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Knoxville's Public Art

See larger WHAT’S MISSING? For many years, the only public art downtown was the “treble clef” commemorating Knoxville’s country music past. It was removed in 2009 due to structural problems; Mayor Rogero’s proposed budget allots $150,000 for new public art in the Cradle of Country Music Park.

Photo by Coury Turczyn

WHAT’S MISSING? For many years, the only public art downtown was the “treble clef” commemorating Knoxville’s country music past. It was removed in 2009 due to structural problems; Mayor Rogero’s proposed budget allots $150,000 for new public art in the Cradle of Country Music Park.

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  • DRIFTING ALONG: One of the most well known pieces of public art downtown is the (sinking?) “rowing man” on the corner of Gay and Church.
  • Meanwhile, the Dogwood Arts Festival’s annual Art in Public Places program is the only source for new public-art pieces downtown.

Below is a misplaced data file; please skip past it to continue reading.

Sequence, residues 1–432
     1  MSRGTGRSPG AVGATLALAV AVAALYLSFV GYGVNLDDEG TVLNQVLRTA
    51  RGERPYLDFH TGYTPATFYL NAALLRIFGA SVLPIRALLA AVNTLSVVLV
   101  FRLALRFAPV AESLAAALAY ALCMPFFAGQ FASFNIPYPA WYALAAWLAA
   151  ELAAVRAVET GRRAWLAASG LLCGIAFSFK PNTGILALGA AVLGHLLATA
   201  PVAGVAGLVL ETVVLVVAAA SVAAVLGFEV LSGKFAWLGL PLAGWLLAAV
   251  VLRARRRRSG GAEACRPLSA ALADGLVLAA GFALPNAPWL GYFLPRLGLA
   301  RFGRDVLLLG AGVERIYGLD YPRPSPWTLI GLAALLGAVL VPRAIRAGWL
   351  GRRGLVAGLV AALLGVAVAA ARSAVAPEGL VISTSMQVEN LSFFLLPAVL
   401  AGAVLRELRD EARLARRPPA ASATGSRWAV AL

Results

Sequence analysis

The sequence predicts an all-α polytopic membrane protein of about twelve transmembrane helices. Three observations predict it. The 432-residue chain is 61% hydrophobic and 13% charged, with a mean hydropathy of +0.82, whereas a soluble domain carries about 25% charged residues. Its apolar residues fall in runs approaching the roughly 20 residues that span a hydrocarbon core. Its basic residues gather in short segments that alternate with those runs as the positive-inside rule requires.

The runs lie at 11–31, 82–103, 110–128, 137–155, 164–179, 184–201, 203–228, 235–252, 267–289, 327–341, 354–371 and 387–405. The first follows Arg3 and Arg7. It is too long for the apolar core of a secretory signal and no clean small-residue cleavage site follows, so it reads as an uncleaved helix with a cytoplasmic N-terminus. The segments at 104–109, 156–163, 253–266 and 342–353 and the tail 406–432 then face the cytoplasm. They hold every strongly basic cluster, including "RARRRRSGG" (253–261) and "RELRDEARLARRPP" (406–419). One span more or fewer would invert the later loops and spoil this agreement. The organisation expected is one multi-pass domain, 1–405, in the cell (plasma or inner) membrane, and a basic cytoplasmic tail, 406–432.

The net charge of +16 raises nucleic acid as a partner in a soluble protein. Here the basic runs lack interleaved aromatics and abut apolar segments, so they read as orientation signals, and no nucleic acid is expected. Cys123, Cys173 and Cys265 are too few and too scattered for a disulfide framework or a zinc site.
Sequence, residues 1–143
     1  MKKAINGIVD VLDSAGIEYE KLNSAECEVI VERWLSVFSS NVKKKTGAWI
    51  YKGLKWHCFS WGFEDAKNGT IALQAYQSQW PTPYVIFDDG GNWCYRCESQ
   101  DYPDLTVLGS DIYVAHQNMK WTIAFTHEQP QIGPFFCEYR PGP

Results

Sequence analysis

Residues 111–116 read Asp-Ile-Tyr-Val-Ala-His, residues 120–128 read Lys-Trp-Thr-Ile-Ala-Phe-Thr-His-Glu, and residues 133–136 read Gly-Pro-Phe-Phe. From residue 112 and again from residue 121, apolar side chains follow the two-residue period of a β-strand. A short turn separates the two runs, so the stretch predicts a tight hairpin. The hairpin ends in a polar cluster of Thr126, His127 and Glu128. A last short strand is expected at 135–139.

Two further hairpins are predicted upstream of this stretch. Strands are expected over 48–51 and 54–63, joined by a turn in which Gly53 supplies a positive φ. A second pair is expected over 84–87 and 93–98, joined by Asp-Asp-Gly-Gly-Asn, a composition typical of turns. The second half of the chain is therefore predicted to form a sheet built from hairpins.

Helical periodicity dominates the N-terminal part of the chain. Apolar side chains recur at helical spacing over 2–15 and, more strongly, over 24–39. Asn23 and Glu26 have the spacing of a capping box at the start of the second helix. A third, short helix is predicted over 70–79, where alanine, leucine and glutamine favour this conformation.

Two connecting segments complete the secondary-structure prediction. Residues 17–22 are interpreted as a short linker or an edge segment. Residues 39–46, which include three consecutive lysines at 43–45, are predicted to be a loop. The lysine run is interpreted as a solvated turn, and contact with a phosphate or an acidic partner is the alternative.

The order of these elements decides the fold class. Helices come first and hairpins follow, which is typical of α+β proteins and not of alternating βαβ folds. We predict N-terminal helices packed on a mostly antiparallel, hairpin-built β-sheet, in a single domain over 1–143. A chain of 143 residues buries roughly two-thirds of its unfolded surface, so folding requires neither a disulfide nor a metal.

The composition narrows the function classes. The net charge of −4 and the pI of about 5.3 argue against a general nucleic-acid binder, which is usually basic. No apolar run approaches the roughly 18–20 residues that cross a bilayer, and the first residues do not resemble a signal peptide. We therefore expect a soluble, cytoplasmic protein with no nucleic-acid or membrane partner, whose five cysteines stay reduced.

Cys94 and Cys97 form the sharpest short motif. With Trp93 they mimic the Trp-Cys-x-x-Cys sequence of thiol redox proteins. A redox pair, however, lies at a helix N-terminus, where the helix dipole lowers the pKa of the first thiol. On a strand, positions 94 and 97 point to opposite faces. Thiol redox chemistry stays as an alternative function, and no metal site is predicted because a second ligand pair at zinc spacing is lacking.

• WHAT’S MISSING? For many years, the only public art downtown was the “treble clef” commemorating Knoxville’s country music past. It was removed in 2009 due to structural problems; Mayor Rogero’s proposed budget allots $150,000 for new public art in the Cradle of Country Music Park.
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  • 'Power Surge' by David W. Martin
  • “Lovearch” by Andrew Denton
  • CONTROLLED GRAFFITI: Equestrian artist Kim Campbell puts her mark on the Alley Revamp Project in Armstrong Alley between Market Square and Gay Street, which includes wall art from a variety of artists (above left and facing page).
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  • Zachary Widgren
  • Lauren Hulse

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